(adult, bilateral cataract)
My name is Anne I have just turned 30 years old and this is my story.
I was born, well I think I was anyway, with bilateral cataracts which were inherited from my mum who also had them as a baby. They were diagnosed when I was about 4 months old and removed when I was 7 months old.
I wore a mixture of glasses and contact lenses up until I was 10 when I had lens implants. My sight is around the 6/60 level.
My school experience was quite frankly horrible. I do not want to dishearten any new parents out there and you have to bear in mind that this was 15 years ago. My primary school time was fine. I went to a small school and of course primary school books are in big print anyway so I basically managed. When I went to middle school there was just no support at all. That whole year I basically learned nothing as the text books were just too small for me to read. I also had my lens implant surgery that year and due to an infection ended missing nearly 3 months of school.
It was our hospital optician who put my parents in touch with the team from the local authority that supported visually impaired children. There was a school in our town that had a unit to support vi children and I was due to start there the September after my surgery. Unfortunately my parents moved house that summer and I ended up at the opposite end of the country.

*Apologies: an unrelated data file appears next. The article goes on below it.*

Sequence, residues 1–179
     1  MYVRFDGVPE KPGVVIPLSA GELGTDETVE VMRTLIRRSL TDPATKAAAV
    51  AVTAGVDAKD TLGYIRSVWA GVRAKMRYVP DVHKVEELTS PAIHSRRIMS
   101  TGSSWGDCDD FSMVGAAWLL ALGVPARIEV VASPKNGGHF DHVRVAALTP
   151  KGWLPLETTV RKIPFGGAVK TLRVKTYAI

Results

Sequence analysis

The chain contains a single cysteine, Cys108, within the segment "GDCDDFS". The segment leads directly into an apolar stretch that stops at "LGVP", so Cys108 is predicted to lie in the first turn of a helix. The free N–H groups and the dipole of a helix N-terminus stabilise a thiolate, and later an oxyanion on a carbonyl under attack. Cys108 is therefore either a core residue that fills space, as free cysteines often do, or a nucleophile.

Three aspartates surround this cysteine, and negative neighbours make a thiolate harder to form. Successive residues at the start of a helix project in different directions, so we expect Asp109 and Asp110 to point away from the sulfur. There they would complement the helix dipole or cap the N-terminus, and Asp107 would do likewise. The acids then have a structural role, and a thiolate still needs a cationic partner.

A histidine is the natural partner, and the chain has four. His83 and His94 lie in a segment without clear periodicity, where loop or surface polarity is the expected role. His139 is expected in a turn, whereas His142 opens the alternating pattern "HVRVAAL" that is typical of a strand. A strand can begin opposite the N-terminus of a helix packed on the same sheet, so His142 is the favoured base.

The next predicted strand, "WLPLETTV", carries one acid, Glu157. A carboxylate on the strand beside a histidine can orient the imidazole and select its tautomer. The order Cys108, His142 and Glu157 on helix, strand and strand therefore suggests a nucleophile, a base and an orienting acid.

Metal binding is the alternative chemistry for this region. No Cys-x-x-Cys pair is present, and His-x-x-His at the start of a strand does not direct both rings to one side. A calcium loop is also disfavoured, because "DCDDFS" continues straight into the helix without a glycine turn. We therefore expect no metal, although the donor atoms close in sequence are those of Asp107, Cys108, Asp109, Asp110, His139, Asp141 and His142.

There was a middle school just around the corner from where I lived but the headteacher said that he did not want any vi children in his school. The education authority said they could force him but my parents decided to send me to another school. This meant a taxi ride to and from school every day.
At first things were fine but soon enough they went down hill. I remember quite clearly thinking as a 10 year old after just over a term in the new school that I was like a Christmas present. The novelty of my sight had warn off and I had been thrown away.
I used to spend my lunchtimes in the school field talking to the headteacher who I have to say was a very supportive man.
Things went from bad to worse when I went to high school. I was subjected to a lot of emotional bullying from the other girls. They used to tell everyone that I was a lesbian and that was why I did not have a boyfriend. Things got so bad that I actually invented a boyfriend who was to live near where I did as of course I still went to school by taxi. Although I do not remember this incident clearly myself my mum said that one day I asked her whether she thought I was a lesbian because of what the other girls said at school. I never dreamed of getting married or having children of my own. I can quite honestly say that at high school I only had one person who was my friend or even talked to me. I still keep in contact with her and I am sure that I would not be here to tell my story if it had not been for her friendship.
At 16 I went to a school that was just for vi children. I was really looking forward to going there as I thought at last I would be accepted and have all the friends I wanted and have a good experience at last.